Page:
April 18–WASHINGTON — Aquatic invaders would stand a far greater chance to find new homes in the Great Lakes under legislation the Senate is scheduled to consider Wednesday, environmentalists warned as the shipping industry continued to press for the bill’s repeal of regulations that shippers see as burdensome.
An otherwise routine bill reauthorizing funding for the Coast Guard includes a controversial measure that would stop the Environmental Protection Agency and the states from regulating the ballast water that ships carry to keep balanced — and that often provides invasive species with a free ride to their new homes.
Environmentalists said the bill, which appears to be on its way to passage in both houses of Congress, would destroy the bulwark of protections that legislatures and courts have built up over the years in hopes of preventing more foreign species like the ecology-damaging zebra mussel from invading the Great Lakes and other waterways.
“Non-native aquatic species have already ravaged San Francisco Bay, the Great Lakes and other rivers and estuaries,” said Brett Hartl, government affairs director for the Center for Biological Diversity, which aims to protect species in their native environments. “This legislation will make the problem exponentially worse. This is a gift to industry and an insult to taxpayers.”
The American Waterways Operators, a trade group that represents the shipping industry, sees things very differently.
“Today, this vital industry is burdened by a dysfunctional regulatory system that only Congress can fix,” Thomas A. Allegretti, president and CEO of the shipping group, wrote in a recent Washington Times opinion piece. “Commercial vessels operating in U.S. waters are subject to a maze of some 150 regulations, imposed by two federal agencies and 25 states, governing ballast water and other discharges incidental to normal vessel operations. Each time a vessel crosses state lines, a new set of requirements may apply.”
At issue is the Commercial Vessel Incidental Discharge Act, a measure the shipping industry has been pushing for years and that a Senate committee added to the larger Coast Guard measure last year.
The bill would end the Environmental Protection Act’s ability to regulate discharges of ballast water under the Clean Water Act. In addition, it would end the states’ ability to impose tougher ballast water standards of their own.
Instead, it would leave ballast water discharges regulated under a looser Coast Guard standard. And state officials in the Great Lakes region and beyond are not very happy about it.
Attorney General Eric T. Schneiderman last year led an effort by 10 attorneys general nationwide to press Senate leaders to reject the bill.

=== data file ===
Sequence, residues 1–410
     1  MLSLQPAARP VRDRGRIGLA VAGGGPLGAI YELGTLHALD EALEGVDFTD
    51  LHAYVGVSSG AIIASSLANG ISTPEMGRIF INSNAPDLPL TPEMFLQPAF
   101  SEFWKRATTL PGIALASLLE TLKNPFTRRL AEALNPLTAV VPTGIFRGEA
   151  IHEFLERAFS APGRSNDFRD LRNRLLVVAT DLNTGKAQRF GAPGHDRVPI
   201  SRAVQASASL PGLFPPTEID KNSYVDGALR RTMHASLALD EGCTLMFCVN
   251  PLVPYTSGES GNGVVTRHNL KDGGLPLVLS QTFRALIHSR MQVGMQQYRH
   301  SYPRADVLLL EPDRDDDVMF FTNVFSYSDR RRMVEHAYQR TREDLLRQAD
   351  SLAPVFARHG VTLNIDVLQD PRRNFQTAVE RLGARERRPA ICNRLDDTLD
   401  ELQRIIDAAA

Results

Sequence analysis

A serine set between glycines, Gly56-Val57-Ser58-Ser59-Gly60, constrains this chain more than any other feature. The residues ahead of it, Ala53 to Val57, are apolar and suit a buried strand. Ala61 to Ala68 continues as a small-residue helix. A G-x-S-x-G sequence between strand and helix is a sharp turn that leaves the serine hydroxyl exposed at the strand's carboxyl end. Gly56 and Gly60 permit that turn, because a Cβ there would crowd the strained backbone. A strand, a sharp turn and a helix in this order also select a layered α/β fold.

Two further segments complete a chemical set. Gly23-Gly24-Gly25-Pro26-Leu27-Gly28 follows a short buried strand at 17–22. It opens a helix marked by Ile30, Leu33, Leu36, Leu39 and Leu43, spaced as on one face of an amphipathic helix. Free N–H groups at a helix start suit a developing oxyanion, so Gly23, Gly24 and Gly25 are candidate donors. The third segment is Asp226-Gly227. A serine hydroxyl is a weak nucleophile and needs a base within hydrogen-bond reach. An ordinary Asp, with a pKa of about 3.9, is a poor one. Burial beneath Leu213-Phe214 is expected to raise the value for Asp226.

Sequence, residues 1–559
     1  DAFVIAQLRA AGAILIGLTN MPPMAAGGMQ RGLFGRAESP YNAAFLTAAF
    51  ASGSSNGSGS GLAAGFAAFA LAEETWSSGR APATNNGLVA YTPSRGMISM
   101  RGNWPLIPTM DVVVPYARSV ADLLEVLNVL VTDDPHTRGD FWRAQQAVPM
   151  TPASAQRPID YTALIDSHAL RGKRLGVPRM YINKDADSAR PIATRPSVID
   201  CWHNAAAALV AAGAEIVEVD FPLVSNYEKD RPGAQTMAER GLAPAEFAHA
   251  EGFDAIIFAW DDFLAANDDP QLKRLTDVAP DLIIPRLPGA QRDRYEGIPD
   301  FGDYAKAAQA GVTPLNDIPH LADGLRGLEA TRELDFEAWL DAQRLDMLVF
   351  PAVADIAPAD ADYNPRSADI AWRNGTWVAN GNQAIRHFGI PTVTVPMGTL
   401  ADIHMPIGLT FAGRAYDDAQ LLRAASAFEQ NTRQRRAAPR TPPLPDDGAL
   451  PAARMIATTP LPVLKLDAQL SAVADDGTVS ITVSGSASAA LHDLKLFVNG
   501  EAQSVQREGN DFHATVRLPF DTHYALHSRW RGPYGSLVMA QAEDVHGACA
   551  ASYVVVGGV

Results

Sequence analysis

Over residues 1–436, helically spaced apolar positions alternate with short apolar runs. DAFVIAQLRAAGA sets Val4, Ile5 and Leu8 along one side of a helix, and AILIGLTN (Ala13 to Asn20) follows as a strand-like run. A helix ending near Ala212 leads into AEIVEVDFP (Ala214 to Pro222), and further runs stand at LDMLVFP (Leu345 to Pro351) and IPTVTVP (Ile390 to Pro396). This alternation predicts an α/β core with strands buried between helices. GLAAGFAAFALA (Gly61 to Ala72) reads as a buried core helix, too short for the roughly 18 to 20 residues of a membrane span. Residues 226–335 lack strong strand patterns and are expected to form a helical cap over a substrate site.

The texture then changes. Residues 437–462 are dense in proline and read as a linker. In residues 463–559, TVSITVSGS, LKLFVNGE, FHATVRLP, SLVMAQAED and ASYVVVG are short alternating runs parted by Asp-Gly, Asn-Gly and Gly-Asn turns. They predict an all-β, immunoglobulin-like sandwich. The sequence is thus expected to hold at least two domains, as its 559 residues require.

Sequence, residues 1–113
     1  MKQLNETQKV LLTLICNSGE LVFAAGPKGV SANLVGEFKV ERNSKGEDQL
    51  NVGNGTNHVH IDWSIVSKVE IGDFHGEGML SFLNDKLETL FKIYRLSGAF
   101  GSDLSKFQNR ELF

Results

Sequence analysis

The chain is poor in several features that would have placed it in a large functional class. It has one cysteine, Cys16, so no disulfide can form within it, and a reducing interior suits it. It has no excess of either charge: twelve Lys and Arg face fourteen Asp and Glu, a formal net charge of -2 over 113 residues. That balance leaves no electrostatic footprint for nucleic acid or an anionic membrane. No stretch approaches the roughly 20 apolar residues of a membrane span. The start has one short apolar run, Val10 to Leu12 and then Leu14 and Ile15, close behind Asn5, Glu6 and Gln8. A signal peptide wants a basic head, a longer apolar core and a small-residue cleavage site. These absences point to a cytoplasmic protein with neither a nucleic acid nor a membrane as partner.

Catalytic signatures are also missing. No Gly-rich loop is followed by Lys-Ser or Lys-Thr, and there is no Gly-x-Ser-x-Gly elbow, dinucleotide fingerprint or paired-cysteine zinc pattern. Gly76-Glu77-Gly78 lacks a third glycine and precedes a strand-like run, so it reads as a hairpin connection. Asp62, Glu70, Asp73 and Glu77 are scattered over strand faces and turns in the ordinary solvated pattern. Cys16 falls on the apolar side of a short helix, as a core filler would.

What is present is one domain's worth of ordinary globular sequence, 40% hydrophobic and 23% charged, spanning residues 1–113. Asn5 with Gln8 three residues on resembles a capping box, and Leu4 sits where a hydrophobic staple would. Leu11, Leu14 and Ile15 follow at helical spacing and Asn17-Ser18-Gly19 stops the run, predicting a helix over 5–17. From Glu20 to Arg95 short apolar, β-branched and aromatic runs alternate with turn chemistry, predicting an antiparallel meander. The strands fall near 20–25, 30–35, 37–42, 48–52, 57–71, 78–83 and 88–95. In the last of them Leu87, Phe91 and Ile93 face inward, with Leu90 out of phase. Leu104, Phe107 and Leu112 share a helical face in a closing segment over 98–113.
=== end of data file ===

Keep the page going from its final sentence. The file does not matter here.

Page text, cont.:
“This legislation would undercut the independence of states in fighting harmful biological pollution from commercial shipping, which causes serious damage to our environment and our economy in New York,” Schneiderman said at the time.
House votes to weaken federal crackdown on invasive species
Supporters of the bill say, though, that the bill will protect both the nation’s waterways and its shipping industry.
The measure’s chief sponsor, Sen. James Inhofe, R-Okla., said the bill sets “a high environmental standard while giving vessel owners across the country the certainty they need to invest in ballast water treatment.”
Given that the measure makes matters easier for shippers in states that have inland waterways but little fear of invasive species, it has won some bipartisan support. For that reason, environmentalists fear that the Coast Guard bill that includes the measure might well pass the Senate’s 60-vote threshold for passage and then quickly pass the House.
New York’s two Democratic senators are opposed to the measure, though.
“New Yorkers know too well that we can never take our clean water for granted, and this legislation is a direct threat to that,” said Sen. Kirsten E. Gillibrand. “I will do everything I can in the Senate to oppose it, and I urge all New Yorkers who care about our keeping our water safe to raise their voices and join me in this fight.”
But the Lake Carriers Association, which represents shipping interests on the Great Lakes, offered high praise for the Commercial Vessel Incidental Discharge Act, otherwise known as VIDA.
“VIDA is highly protective of the Great Lakes,” the Great Lakes shippers said in a statement earlier this yeare. “VIDA is comprehensive. VIDA is inclusive of all regulatory parties. VIDA is critical to the operations of the U.S.-flag laker fleet. Lake Carriers’ Association emphatically endorses its passage and implementation as quickly as possible.”